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Have you started outlining financial goals for 2019? What are yours?

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    #31
    Long term savings:
    Continue contributing 10% to 401K (employer match 6%). Max out Roth IRA and then max out HSA.

    So between those three I'm saving about 20% of my gross pay.

    Shorter term would be to continue stashing more cash in the EF. I can see some house repairs/upgrades this summer. Off the top of my head, goal would be to save another 12-15% between EF and taxable investments. But most realistically it will probably be 8-12%.

    However, this thread is further motivation to review all those numbers and goals.

    I forgot to add setting up a will or estate planning option.
    Last edited by cypher1; 01-09-2019, 08:46 PM.
    "I'd buy that for a dollar!"

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      #32
      welp 2 months into the year, business activity is flat (still making money). I did pick up a part time job so working a lot more as i mentioned. Pretty happy with the situation, work on my own time with relatively low stress, and the extra $4k-ish per month is pretty nice.

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        #33
        Originally posted by disneysteve View Post
        Max my 401K at $25,000
        Pay off our mortgage
        Figure out what to do with the $1,600/month that will be freed up once the mortgage is gone
        Continue putting $1,000/month into our Ally account, buying a CD or two with that money along the way
        Continue putting $1,000/month into our taxable Vanguard account earmarked for retirement

        That's the big stuff that I know the numbers for already.
        Since the thread got bumped up....

        We are on track to pay off the mortgage by the end of the summer most likely.
        We are still putting 1K/month in our Vanguard account.
        We are putting a minimum of 1K/month in our Ally account. We actually put $6,000 in for January thanks to it being a 3 paycheck month.
        I'm still not quite sure what we will do with the $1,700 that will be freed up when the mortgage is gone though I have been spending more time on Zillow looking at houses in Florida. I suspect we will bank the money for a while and eventually use it as a down payment.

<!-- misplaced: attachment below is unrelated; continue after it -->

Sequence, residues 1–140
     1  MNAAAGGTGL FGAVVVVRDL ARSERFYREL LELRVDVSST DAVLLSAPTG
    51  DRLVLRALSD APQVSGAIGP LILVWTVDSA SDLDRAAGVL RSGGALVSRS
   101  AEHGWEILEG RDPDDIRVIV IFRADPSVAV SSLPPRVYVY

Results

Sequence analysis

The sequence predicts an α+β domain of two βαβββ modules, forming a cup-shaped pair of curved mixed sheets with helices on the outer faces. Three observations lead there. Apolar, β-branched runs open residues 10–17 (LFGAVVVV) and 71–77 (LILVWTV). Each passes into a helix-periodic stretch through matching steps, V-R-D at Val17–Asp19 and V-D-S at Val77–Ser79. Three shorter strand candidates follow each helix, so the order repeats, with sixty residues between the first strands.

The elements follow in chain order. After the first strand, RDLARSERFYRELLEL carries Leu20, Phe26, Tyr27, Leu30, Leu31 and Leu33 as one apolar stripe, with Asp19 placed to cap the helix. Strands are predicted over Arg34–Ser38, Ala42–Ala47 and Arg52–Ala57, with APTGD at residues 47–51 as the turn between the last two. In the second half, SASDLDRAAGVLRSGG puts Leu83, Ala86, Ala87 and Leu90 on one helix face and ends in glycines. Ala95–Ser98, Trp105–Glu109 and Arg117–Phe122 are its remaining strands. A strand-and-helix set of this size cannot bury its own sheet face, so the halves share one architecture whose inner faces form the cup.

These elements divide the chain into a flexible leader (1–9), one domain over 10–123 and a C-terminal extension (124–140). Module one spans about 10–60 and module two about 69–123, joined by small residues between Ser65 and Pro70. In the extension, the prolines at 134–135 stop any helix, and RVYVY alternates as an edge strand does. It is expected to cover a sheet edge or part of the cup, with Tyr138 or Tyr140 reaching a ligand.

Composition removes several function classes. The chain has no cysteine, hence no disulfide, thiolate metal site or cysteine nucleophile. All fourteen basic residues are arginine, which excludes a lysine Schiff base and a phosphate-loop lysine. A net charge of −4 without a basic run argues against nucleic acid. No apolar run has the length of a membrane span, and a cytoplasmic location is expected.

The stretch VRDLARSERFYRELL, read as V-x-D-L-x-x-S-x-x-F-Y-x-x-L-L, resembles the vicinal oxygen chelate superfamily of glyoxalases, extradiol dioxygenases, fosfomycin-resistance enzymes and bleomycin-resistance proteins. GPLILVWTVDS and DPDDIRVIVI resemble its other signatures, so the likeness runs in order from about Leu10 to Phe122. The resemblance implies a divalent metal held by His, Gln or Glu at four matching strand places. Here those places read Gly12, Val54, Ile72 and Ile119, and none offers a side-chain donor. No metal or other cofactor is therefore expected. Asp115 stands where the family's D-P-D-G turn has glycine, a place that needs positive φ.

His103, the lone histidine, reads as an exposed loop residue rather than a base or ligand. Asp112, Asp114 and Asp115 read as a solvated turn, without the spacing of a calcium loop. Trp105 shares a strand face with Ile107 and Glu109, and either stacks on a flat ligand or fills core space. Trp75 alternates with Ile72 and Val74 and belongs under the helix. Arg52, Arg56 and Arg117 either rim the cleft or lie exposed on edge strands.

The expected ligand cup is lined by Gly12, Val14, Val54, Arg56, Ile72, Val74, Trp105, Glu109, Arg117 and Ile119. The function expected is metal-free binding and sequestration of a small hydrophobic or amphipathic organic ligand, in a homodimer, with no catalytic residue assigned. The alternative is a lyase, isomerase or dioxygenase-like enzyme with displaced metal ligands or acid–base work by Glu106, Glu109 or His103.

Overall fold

Steve

        * Despite the high cost of living, it remains very popular.
        * Why should I pay for my daughter's education when she already knows everything?
        * There are no shortcuts to anywhere worth going.

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          #34
          1) Pay off $24000 of unsecured debt.
          2) Save $700 per month
          3) Continue to contribute to 403b account
          4) Save snowflakes for Christmas challenge fund
          5) 52 week savings challenge

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            #35
            Originally posted by amastewa93 View Post
            Our main goals in 2019 for finances are...

            1. Re-establish emergency savings
            2. Start seriously snowballing our debt (about $65K between the two of us) - we will have one car paid off completely by March
            3. Cut costs by moving somewhere cheaper (we currently pay $1,400 in rent)
            4. Once our debt is paid off and savings is stable, we will be saving for a down payment on a home (not likely until later in 2020)

            We will also be getting married next year - but we have no plans for a reception or anything very costly where a celebration is concerned.

            What are your plans for 2019?
            Update on this... We have an emergency savings fund that is about to take a little hit for relocation. We are also getting married before making the move from Charlotte to ATL. But that will only cost us $60. Mom is covering a small dinner with immediate family afterward. We will be living somewhere rent-free in ATL before the end of April. With the savings from that, we are planning to stack up some savings and pay off debt!